Like the rest of America, I will be tuning in Sunday to watch Super Bowl XLVII. The Super Bowl has become a great American tradition. But there's another tradition that demonstrates our nation's finest values and doesn't get nearly as much attention — and that's the good we do around the world.
You only need to turn on the television briefly or glance at a newspaper to see why our engagement in the world is so critical to our nation's security, economy and standing. Unfortunately, most Americans don't realize what a good value our foreign assistance efforts are. Most would be surprised to learn that foreign aid amounts to only about 1 percent of the federal budget.
Americans will eat about 200 million pounds of food on Sunday — more than a year's worth of U.S. famine relief to Kenya. And for the cost of one of those entertaining, 30-second Super Bowl ads, we buy mosquito nets for 800,000 children at risk of malaria.
The national security challenges we face today are far more complex and nuanced than they once were. While our military stands ready to respond to threats we face, many of these challenges defy military solutions. We need to utilize our tools of development and diplomacy alongside defense to keep America truly safe.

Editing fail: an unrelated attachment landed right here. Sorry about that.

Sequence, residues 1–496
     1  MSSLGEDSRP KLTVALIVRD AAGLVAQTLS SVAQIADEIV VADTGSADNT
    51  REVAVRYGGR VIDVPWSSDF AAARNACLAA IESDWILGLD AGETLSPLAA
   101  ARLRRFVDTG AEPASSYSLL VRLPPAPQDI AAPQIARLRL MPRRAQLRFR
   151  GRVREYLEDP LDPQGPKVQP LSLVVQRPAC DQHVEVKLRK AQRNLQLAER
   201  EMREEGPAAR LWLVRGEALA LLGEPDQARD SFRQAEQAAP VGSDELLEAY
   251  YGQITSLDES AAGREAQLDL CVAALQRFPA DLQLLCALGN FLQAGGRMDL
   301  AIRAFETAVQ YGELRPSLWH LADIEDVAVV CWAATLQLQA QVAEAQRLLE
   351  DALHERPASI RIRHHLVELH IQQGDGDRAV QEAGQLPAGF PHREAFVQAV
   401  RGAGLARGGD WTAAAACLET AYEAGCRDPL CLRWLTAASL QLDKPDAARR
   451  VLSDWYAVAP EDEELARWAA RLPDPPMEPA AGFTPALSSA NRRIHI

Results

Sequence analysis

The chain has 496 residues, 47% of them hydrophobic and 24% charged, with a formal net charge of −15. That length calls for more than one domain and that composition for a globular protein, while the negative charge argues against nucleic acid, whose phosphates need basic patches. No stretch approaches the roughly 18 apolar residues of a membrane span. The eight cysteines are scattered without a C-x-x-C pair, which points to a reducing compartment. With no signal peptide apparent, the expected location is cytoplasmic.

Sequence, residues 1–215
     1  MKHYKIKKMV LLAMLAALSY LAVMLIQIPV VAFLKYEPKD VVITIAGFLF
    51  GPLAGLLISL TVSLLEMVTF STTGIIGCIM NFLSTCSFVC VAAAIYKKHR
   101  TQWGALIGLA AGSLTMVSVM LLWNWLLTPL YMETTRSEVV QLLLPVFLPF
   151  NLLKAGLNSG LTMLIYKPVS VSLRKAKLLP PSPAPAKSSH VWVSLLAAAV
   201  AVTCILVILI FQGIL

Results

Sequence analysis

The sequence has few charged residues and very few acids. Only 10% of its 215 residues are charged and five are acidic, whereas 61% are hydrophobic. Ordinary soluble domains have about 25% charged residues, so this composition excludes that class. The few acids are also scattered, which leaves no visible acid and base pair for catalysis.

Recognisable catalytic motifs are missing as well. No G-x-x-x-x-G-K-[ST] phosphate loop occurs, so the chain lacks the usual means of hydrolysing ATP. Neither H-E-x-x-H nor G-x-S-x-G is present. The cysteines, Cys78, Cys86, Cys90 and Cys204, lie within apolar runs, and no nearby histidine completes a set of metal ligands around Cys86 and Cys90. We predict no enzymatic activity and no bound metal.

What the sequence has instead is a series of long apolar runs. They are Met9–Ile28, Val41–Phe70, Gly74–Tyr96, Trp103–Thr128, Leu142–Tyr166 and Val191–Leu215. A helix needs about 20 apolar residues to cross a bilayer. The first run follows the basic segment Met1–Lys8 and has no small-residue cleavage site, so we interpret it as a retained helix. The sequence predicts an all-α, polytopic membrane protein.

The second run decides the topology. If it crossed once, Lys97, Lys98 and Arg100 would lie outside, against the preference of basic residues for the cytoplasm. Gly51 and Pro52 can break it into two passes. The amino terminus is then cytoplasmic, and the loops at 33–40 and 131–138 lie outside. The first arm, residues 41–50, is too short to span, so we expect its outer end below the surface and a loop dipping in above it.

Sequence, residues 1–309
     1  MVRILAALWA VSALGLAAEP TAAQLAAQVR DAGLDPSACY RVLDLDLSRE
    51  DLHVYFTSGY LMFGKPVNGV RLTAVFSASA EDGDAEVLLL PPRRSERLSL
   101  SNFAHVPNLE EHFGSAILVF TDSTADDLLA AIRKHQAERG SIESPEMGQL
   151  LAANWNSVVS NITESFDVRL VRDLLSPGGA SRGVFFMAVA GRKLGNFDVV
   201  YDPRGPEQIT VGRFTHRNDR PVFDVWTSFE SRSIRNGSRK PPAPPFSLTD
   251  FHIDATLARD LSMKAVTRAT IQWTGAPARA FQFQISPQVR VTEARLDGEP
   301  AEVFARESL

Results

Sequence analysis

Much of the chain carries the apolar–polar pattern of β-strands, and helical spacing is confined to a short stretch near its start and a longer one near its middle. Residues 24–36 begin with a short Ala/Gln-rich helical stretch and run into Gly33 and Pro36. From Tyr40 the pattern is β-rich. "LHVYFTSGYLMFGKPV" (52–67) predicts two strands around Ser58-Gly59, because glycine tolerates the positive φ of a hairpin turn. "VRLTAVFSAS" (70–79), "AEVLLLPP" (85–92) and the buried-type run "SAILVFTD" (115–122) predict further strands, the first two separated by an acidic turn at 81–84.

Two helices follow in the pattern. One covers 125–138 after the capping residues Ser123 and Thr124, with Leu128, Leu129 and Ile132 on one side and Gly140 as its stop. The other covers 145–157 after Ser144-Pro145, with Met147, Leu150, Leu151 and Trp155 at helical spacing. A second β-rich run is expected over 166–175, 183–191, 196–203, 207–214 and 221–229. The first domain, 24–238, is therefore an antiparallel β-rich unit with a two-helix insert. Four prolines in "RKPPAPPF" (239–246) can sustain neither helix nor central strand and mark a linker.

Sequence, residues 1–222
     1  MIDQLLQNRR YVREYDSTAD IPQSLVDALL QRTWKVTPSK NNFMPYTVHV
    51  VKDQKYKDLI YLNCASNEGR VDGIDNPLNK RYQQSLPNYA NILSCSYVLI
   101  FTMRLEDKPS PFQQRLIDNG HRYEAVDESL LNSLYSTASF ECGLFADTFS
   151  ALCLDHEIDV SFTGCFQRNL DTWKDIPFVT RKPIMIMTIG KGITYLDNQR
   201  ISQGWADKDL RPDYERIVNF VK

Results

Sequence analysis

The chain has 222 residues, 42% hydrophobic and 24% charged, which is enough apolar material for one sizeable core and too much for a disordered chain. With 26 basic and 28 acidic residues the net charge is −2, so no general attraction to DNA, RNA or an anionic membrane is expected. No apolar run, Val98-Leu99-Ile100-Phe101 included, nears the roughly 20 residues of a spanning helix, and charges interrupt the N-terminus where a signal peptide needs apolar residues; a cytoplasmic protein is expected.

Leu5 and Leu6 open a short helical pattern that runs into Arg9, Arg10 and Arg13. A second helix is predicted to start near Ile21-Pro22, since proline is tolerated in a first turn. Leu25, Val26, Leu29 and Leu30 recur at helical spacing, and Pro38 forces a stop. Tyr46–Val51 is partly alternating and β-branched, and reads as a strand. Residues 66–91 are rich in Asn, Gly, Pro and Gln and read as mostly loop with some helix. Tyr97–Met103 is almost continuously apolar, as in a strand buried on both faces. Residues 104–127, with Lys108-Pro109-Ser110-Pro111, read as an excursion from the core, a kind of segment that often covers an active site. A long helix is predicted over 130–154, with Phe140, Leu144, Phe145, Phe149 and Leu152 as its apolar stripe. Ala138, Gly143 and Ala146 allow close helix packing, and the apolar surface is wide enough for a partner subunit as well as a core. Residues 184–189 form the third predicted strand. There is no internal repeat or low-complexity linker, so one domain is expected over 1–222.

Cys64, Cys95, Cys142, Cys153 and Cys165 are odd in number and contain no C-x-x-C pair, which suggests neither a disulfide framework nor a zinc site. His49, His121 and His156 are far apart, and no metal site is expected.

The truth is, working to alleviate poverty, illiteracy and crippling illness is an essential building block for stable families and societies — and the more stable societies are, the less likely they are to succumb to extremism and terrorism. By addressing these very human needs, we address the roots of many of today's security challenges. Preventing conflict before it occurs keeps our brave men and women in uniform out of harm's way and saves the lives of innocent people in these countries.
From an economic perspective, 95 percent of consumers live outside the United States. The fastest-growing markets are in the developing world, where half of our exports already go. Giving American businesses greater access to these markets is the key to growing our economy and creating jobs.
As our leaders in Washington work to resolve the fiscal questions before us, I encourage them to consider how effective and efficient our diplomatic and development programs are. For a tiny fraction of our budget, our international affairs programs strengthen our security and economy, and demonstrate America's values.